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    Also depends what kind of bike it's going on and the seatpost material. I am running a titanium layback on a hardtail and provides a lot of cushion, especially since my seat tube is built really slack too

  6. #6
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    Shenny's answer is the most accurate so far. In order to pedal efficiently you need to have your saddle at the proper height and adjusted fore/aft so that your knee is properly located over the pedal. You can do searches on bike fit to find out exactly where your saddle needs to be placed - search for KOPS (knee over pedal spindle) for a good starting point on fit.

    Since the saddle needs to be correctly located related to he pedals, different seat post offsets are needed to properly locate the saddle. Your femur length and seat tube angle of the frame will determine if a straight or set-back post is needed (or you may be able to use either). Generally, people with longer femurs will need a set-back post. Also if your frame has a steep seat tube angle (73 or 74 degrees) a setback seat post may be needed (unless you have shorter than average femurs)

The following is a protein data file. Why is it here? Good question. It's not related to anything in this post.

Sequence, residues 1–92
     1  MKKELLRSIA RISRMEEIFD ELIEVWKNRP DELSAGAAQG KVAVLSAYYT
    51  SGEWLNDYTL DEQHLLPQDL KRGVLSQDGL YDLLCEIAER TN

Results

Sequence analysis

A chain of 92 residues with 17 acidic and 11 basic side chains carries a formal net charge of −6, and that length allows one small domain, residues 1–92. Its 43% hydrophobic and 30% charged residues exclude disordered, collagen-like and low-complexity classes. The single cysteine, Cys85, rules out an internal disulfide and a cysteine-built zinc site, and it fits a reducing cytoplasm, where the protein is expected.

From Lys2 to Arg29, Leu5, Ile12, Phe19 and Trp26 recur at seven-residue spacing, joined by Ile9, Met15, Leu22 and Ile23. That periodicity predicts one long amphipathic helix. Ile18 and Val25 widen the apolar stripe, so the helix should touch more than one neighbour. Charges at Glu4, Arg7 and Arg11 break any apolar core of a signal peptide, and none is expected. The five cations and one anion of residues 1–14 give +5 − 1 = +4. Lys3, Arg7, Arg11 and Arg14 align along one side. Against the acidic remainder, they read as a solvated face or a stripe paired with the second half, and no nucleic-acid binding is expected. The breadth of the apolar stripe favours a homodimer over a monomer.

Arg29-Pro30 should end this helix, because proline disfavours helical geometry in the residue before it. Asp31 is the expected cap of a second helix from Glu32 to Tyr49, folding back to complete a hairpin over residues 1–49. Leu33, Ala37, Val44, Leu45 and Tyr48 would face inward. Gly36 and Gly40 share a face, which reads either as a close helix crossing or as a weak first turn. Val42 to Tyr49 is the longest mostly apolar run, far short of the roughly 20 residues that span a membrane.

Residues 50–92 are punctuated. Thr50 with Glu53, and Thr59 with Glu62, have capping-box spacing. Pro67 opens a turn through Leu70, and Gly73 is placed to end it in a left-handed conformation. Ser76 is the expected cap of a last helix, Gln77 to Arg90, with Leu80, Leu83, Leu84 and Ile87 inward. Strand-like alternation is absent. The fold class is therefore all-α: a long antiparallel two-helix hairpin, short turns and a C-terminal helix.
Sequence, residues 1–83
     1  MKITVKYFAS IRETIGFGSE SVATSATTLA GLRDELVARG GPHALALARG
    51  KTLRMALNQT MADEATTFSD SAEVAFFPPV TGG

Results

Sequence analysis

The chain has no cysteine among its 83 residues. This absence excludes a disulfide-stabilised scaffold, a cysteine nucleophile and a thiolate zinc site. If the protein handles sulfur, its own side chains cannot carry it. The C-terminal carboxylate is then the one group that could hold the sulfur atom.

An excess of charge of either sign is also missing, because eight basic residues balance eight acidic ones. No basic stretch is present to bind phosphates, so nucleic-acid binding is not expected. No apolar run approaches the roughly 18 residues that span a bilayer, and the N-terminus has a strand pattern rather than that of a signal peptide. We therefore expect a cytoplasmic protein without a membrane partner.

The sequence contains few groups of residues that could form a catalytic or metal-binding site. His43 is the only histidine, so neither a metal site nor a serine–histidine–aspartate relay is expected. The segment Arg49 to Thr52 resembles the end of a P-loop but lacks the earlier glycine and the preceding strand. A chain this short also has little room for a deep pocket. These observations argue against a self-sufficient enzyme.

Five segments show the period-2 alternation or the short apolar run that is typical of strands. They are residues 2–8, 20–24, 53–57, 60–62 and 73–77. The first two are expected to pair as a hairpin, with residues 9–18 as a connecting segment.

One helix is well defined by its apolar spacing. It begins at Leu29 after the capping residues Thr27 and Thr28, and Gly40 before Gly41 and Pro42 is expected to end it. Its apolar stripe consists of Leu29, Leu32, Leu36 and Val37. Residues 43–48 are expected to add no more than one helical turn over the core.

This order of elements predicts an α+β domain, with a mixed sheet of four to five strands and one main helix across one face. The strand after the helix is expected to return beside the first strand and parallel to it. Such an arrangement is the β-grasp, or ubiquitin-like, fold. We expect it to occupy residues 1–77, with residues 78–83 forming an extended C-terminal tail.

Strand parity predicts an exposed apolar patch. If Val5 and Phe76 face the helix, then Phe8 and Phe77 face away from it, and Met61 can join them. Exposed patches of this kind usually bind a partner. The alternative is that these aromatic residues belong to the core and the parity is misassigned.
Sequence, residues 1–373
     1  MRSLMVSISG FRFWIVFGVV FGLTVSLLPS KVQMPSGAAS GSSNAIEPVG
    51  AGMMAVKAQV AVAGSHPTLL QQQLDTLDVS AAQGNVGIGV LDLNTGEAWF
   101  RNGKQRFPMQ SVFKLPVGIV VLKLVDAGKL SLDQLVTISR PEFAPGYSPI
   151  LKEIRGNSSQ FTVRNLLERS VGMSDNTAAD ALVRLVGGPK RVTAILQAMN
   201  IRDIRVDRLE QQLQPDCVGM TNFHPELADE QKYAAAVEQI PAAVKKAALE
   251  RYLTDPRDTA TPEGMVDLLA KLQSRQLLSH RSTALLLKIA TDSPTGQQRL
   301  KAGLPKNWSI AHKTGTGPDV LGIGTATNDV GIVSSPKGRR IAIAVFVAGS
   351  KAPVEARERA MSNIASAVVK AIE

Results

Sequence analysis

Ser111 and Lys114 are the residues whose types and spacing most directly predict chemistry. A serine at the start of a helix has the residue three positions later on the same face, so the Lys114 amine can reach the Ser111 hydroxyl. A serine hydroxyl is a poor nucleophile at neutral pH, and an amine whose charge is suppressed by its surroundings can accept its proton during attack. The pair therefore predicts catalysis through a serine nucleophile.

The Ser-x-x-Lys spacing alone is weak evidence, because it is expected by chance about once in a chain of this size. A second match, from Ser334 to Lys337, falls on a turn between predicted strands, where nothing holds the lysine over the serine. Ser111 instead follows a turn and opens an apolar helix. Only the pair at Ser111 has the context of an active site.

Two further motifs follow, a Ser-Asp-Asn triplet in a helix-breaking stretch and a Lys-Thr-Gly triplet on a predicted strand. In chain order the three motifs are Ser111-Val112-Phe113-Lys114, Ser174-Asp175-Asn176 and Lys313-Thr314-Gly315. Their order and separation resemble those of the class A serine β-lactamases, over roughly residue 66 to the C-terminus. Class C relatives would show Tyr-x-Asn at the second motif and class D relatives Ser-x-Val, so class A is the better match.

Different seat posts have different amounts of set-back. Depending on your frame, saddle height, and femur length you may need to look for a post with a specific off-set.
    Last edited by laffeaux; 11-25-2011 at 02:52 PM.
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    Quote Originally Posted by shenny88 View Post